Irregularities in a Study on Soccer Headgear And Concussions

This week the British Journal of Sports Medicine (BJSM) published the results of a randomized trial of headgear to reduce concussions in soccer players.

Here’s an example of the type of headgear being investigated, in case you’re curious:

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One of five different types of headgear tested in the study.

Before I jump in to my criticisms, I do want to commend the authors for running a randomized trial on an important question. Preventing concussions is a matter of physics. It’s all about dissipating collision forces so less of it transmits to your skull and shakes your brain inside of it. Helmets in sports like football were designed for a totally different engineering task: preventing skull fractures, which they’re great at. And as big of a concern as concussions have become, we only know of one surefire way to prevent them: stop collisions that shake people’s heads. All that is to say rigorous studies on new technologies that claim to protect the brains of sports participants from concussions are extremely important.

I also want to be upfront about what I expected this study to show, because scientists almost always approach a topic with some preconceived notions; we need to acknowledge and embrace that. I expected headgear to have virtually no effect on concussions.

And lo and behold, the randomized trial showed just that! So why am I writing this critical post?

Well, it’s dumb luck that I looked at this study more closely even though it confirmed what I expected to see. Someone tweeted out the main results table from the study and something didn’t look right – in fact, something was mathematically impossible (SEE Irregularity #2 below). That led me to read the whole paper, and there are some substantial irregularities in the analysis I want to call everyone’s attention to.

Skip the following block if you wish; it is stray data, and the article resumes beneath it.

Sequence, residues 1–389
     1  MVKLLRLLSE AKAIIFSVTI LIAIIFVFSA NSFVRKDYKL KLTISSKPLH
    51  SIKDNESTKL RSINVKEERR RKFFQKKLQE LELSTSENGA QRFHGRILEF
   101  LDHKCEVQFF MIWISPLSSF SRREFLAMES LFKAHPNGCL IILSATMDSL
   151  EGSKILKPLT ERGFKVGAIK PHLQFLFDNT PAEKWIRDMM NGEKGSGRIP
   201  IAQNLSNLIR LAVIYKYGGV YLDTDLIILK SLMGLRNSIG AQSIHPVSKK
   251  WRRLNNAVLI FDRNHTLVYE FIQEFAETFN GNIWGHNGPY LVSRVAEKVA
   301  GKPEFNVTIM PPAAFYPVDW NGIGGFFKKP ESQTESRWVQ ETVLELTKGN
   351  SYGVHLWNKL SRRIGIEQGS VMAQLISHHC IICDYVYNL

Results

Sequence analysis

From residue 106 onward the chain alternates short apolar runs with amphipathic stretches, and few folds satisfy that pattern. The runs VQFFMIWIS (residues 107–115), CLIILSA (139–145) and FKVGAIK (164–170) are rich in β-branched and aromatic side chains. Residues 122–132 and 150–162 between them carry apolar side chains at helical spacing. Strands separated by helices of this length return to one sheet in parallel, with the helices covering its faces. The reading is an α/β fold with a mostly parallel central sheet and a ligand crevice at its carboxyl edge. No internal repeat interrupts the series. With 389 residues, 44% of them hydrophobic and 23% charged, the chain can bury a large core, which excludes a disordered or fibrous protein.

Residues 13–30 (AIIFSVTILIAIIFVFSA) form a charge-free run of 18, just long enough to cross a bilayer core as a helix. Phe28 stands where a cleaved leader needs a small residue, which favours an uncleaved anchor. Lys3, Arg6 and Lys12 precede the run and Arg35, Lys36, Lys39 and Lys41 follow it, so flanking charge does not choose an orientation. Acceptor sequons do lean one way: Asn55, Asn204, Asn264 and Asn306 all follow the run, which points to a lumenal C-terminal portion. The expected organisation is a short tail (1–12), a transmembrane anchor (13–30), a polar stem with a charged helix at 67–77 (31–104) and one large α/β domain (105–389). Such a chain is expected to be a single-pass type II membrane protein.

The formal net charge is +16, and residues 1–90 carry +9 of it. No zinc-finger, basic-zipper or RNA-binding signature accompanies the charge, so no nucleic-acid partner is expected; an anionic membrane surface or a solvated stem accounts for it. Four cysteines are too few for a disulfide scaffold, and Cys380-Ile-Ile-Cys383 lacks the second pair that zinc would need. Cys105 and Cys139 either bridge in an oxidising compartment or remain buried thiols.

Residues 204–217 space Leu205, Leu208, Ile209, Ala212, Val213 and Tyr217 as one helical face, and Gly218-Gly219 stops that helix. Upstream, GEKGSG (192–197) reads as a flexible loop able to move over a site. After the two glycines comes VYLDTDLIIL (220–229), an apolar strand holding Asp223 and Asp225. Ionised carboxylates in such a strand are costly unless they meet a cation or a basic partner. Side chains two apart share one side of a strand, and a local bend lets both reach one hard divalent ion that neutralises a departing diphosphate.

The below points aren’t my only concerns with the study, but they’re the biggest ones to which I want to call everyone’s attention.

Continue reading “Irregularities in a Study on Soccer Headgear And Concussions”

Diagnosing CTE in the Living: Proper Control Groups and the Importance of Your Research Question

A very interesting if preliminary paper looking at the possibility of using positron emission tomography (PET) scans (similar to a CT or MRI) to measure accumulations of a protein called tau in people’s brains was published this week in the New England Journal of Medicine.

Tau is important because its accumulation in the brain is the main way that chronic traumatic encephalopathy (CTE), a degenerative brain disease resulting from repetitive head trauma such as is experienced in contact sports like football and ice hockey, is diagnosed. CTE currently can only be diagnosed at autopsy, severely limiting research on the disease. A test for tau in the brains of the living would be a game-changer for CTE research.

A number of people, however, have been criticizing the paper for not including the right kinds of people. Specifically, while the study looked at ex-football players with cognitive and neuropsychiatric symptoms and healthy non-players, some seem confused or even suspicious about why it didn’t also include healthy ex-players? The short answer is because it shouldn’t have. Here’s why: